According to the authenticated biography of Oda Nobunaga known as the Shinchō-kōki, he was ordered by Nobunaga shortly before this event (during the eighth to ninth months) to protect the stronghold in the village of Miyabe. His base at Miyabe Castle was indispensable for an assault against Odani Castle. In the eighth month of 1573, Keijun made numerous contributions on the battlefield including the capture of Odani Castle. During this period, Keijun adopted Hideyoshi’s nephew, Toyotomi Hidetsugu, but, in fact, he appeared to have been a hostage, and, after the fall of the Azai clan, was returned to Hideyoshi.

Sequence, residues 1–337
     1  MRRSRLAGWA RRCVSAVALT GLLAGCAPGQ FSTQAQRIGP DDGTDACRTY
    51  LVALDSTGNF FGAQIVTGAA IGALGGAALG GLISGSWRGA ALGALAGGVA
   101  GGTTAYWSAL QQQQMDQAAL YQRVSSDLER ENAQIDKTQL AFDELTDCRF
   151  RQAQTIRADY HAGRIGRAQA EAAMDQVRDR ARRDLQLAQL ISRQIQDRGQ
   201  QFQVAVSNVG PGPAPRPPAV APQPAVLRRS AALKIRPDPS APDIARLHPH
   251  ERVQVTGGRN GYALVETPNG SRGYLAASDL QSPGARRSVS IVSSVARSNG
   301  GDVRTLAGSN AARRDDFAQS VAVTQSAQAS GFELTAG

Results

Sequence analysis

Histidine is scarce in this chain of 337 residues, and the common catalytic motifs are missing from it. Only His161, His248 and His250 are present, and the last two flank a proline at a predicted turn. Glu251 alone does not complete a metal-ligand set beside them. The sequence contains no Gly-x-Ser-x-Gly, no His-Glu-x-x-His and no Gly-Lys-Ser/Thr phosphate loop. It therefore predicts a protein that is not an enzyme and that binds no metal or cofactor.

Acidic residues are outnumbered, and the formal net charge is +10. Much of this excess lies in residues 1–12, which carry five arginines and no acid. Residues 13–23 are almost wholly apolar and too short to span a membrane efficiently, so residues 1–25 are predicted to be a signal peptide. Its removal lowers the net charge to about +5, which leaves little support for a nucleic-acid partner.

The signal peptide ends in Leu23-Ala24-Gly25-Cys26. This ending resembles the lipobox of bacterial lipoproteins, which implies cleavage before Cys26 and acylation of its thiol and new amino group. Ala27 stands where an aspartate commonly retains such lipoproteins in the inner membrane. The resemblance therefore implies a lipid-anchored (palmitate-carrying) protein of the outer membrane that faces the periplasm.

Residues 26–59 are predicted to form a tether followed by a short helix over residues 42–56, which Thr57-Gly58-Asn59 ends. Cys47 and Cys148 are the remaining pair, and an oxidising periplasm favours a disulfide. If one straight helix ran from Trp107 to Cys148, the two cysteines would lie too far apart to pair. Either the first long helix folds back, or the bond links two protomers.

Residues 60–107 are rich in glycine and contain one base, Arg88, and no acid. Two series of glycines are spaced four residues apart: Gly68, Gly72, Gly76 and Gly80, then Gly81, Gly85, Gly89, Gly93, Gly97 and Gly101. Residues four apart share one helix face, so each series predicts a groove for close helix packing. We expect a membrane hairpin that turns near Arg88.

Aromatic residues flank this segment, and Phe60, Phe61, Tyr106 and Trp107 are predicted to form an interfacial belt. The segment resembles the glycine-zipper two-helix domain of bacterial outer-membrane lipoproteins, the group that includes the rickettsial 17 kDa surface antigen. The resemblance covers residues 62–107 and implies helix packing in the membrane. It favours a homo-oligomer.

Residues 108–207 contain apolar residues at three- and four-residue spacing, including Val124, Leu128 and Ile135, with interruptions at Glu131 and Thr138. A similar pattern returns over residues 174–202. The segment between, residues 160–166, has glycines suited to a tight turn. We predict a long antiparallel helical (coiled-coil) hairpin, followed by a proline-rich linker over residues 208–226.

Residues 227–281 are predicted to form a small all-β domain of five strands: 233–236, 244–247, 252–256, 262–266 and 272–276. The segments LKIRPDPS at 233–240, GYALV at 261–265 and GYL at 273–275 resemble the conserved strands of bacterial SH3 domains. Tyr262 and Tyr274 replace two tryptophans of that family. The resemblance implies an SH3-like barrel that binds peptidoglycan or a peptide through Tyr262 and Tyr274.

Contributions during the Invasion of Chūgoku
Thereafter, Keijun was assigned as a security officer for Hideyoshi and, from 1577, participated in the Invasion of Chūgoku. Keijun primarily served under Hideyoshi’s younger brother, Hashiba Nagahide (later known as Hidenaga), contributing in attacks in the direction of Tajima Province. When Hidenaga headed toward the Sanyō Region, Keijun served in lieu of Hidenaga as the commander-in-charge of forces in the Sanin Region. Around 1580, after the subjugation of the Yamana clan, Keijun was appointed as the lord of Tajima-Toyooka Castle with a fief of 20,000 koku. During an assault against Tottori Castle, Keijun served on the front lines of the battle against reinforcements of the Mōri army commanded by Kikkawa Motoharu (the second son of Mōri Motonari).